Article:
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Can I Be Charged With a Crime If Minors Drink in My Home?

Posted On: June 16th, 2017 by Bradley J. Groene

In Ohio, the legal drinking age is 21 years old. However, drinking is a rite of passage for many, with high schoolers and college students enjoying a drink or two at parties. While many parents know that their teens have tried a beer or glass or wine, is it illegal for adults to allow underage drinking?

Be careful when allowing underage people to drink, because you could face criminal charges. Ohio has social host laws in place that focus on alcohol consumption in underage children and how parents could be held liable for their acts.
With alcohol a factor in the leading causes of death among teens and young adults – homicide, suicide, unintentional injuries, and car accidents – the law is strict when it comes to furnishing alcohol to those who are underage.

To avoid civil and criminal penalties, seek legal help from a Cincinnati criminal defense lawyer at Luftman, Heck & Associates. Call us today at (513) 338-1890.

Social Host Laws in Ohio

Ohio’s Social Host Law – Ohio Revised Code §4301.69(A) – states:

“No person…shall furnish {beer or intoxicating liquor} to an underage person…unless the underage person is accompanied by a parent, spouse who is not an underage person or legal guardian.”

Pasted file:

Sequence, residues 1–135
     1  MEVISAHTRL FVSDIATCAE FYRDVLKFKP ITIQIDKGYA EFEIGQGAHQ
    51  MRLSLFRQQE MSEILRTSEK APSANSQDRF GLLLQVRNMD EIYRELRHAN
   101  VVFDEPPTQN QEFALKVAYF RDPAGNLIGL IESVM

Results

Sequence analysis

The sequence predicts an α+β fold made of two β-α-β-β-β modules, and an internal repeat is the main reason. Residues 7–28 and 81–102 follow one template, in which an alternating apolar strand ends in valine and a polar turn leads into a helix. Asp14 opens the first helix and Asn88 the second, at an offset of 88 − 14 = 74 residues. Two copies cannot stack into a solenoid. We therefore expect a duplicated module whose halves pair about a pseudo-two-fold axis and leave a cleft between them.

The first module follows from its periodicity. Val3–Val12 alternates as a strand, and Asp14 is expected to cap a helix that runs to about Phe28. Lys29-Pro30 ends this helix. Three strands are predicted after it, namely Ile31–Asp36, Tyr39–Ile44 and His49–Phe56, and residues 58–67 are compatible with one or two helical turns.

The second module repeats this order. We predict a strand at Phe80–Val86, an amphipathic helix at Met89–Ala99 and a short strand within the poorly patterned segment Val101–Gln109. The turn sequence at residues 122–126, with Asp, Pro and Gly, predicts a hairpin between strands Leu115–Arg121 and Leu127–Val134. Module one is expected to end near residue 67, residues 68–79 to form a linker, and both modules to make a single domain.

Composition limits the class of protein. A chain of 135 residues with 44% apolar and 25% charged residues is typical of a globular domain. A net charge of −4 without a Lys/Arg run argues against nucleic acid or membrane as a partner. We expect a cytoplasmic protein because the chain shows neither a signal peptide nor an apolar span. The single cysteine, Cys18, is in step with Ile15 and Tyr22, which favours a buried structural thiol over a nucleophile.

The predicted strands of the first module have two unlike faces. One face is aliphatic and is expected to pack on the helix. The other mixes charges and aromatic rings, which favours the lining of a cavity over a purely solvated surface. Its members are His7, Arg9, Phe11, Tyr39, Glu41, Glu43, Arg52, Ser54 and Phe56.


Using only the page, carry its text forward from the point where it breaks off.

In addition, Ohio Revised Code §4301.69(B) states:

“No person who is the owner or occupant of any public or private place shall knowingly allow any underage person to remain in or on the premises while possessing or consuming beer or intoxicating liquor, unless the intoxicating liquor or beer is given to the person possessing or consuming it by that person’s parent, spouse who is not an underage person, or legal guardian, unless the parent, spouse who is not an underage person, or legal guardian is present at the time of the person’s possession or consumption of the beer or intoxicating liquor.”

Therefore, a parent can give alcohol to their own children, but not to other children – including their children’s friends. Also, a person who is 21 could give alcohol to a spouse who is 20, for instance.

Furthermore, this law applies to all adults, not just parents. No person is allowed to give alcohol to an underage person. This applies to bar owners, employers, teachers, homeowners, or anyone else a person under age 21 comes into contact with.

If you allow a person under age 21 to consume alcohol on your property, you could face a civil lawsuit for any injuries or deaths caused by the consent. You could also face up to six months in jail, a $1,000 fine, and confiscation of personal property.

Have You Allowed Minors to Drink in Your Home?

If you are accused of allowing minors to drink inside your Ohio home, seek legal defense immediately. Any type of alcohol-related offense can result in serious penalties. You could face jail time, fines, and confiscation of your personal property.

A Cincinnati criminal defense lawyer from Luftman, Heck & Associates can provide you with aggressive representation so you possibly get your charges reduced.

Don’t let this type of situation ruin your reputation. Contact Luftman, Heck & Associates today at (513) 338-1890 to schedule your free consultation.

Bradley Groene made an exceptionally difficult situation much easier to handle. He kept me informed of everything that was going to happen and got results for my case far better than I could have hoped for. I would highly recommend him for anyone who finds themselves in legal troubles.